Richard Morris

Co-Investigator, Analogs, Mineralogical Interpretation ,
NASA Johnson Space Center

Richard Morris

Dr. Richard V. Morris is a senior planetary scientist, director of the Mars Soil Genesis Project, and manager of the Spectroscopy and Magnetics Laboratory. He has studied lunar and Martian analogue samples since 1973 as a Principal Investigator in NASA Cosmochemistry, Planetary Geology, and Mars Data Analysis Programs. He has also been a Principal Investigator in the Planetary Instrument Definition and Development Program (backscatter Mossbauer spectrometer) and a Participating Scientist for the Mars Polar Lander Mission. Currently, Dr. Morris is a Co-Investigator in the Hubble Space Telescope General Observer Program and a Co-Investigator in the ESA Mars Express Mission (Mossbauer instrument), the NASA Mars Exploration Rover 2003 Mission (Athena instrument payload), and the Mars Reconnaissance Orbiter 2005 Mission (CRISM instrument).

Dr. Morris' analytical expertise includes reflectance spectroscopy, Mossbauer spectroscopy, rock magnetism, and electron magnetic resonance. The common element in his laboratory research and exploration activities is the mineralogical state and spatial distribution of iron on planetary surfaces and the implication thereof for the extent and style of planetary weathering processes. His studies of the space weathering of lunar samples, for which nanophase metallic iron is the alteration product of primary ferrous silicates and oxides, resulted in the de facto standard index for lunar soil maturity (Is/FeO).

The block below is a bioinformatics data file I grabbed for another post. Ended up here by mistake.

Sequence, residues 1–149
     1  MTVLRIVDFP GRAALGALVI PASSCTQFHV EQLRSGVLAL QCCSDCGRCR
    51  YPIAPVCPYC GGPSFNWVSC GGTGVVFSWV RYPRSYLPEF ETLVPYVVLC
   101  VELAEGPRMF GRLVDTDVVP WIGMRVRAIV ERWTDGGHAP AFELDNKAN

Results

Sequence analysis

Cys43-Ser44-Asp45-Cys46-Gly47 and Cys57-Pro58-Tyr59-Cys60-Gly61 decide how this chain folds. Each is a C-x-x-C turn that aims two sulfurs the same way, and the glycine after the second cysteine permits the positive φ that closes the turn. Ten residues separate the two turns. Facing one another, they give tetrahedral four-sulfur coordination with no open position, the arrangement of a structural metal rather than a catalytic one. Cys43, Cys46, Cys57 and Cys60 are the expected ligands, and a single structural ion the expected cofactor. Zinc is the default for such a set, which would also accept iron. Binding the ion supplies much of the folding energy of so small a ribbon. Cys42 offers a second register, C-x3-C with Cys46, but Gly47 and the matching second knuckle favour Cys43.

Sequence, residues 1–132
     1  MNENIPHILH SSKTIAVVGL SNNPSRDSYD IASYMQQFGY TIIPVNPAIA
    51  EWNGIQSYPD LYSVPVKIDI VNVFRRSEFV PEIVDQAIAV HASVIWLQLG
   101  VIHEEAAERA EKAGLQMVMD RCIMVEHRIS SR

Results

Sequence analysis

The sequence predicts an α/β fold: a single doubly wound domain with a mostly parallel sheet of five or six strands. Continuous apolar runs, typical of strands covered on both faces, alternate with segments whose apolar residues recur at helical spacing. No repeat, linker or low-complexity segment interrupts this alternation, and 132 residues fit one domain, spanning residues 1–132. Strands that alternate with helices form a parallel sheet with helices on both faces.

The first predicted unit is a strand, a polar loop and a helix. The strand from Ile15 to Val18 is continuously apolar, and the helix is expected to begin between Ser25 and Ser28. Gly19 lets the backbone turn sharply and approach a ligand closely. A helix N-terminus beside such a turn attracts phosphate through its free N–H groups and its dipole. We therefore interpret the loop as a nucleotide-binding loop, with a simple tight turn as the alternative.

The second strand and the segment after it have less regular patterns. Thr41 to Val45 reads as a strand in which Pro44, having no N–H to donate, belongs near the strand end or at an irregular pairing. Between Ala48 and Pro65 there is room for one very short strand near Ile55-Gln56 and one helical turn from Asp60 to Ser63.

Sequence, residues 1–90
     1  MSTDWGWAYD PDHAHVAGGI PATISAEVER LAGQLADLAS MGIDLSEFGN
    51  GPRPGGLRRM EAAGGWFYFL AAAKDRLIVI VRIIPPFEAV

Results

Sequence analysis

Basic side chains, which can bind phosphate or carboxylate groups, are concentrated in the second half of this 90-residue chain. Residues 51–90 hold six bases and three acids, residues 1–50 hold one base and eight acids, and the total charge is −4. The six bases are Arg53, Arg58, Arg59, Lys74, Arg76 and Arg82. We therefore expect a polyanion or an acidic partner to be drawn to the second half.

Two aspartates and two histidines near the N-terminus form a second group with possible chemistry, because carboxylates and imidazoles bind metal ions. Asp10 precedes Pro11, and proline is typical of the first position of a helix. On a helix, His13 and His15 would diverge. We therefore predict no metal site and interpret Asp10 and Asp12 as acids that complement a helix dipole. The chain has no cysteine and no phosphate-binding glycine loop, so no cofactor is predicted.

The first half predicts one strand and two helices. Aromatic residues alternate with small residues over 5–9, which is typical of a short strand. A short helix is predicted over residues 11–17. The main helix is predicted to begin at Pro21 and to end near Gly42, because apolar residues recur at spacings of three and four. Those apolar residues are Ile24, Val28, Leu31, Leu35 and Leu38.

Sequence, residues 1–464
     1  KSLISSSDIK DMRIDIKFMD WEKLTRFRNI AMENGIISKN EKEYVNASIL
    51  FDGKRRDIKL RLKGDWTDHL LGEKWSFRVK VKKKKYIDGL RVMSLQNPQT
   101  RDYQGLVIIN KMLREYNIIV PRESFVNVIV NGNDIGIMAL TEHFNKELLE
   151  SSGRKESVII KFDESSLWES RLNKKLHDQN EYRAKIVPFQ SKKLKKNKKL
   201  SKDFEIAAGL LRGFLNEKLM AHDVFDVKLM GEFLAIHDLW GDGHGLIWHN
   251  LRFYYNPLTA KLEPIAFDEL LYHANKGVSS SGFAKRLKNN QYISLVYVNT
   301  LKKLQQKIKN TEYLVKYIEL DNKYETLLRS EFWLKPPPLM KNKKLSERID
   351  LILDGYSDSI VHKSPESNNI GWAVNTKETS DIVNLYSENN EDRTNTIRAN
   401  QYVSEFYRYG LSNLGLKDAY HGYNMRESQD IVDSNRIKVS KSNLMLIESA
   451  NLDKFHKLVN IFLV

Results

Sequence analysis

Dick has accumulated an unprecedented collection of Martian analogue samples (over 2000). These samples are curated as part of the Mars Soil Genesis Project, which is a multi-disciplinary and multi-institutional, sample and remote sensing effort to understand the mineralogical composition of the Martian surface and the extent and style weathering processes that chemically, mineralogically, and physically altered it through time, with a particular emphasis on aqueous and hydrothermal processes. Dick's major research focus in the Project is the chemical and mineralogical composition of iron in analogue samples (particularly weathered, cruddy materials) whose terrestrial geologic context is known and the application of the analytical and contextual information to Mars as known through remote-sensing and in situ measurements. A key part of this work is that the dataset obtained for analogue samples in the laboratory is inclusive of the current and approved-mission observational dataset for Mars (visible, near-IR, and thermal emission spectroscopy, magnetic properties, and major element analysis).

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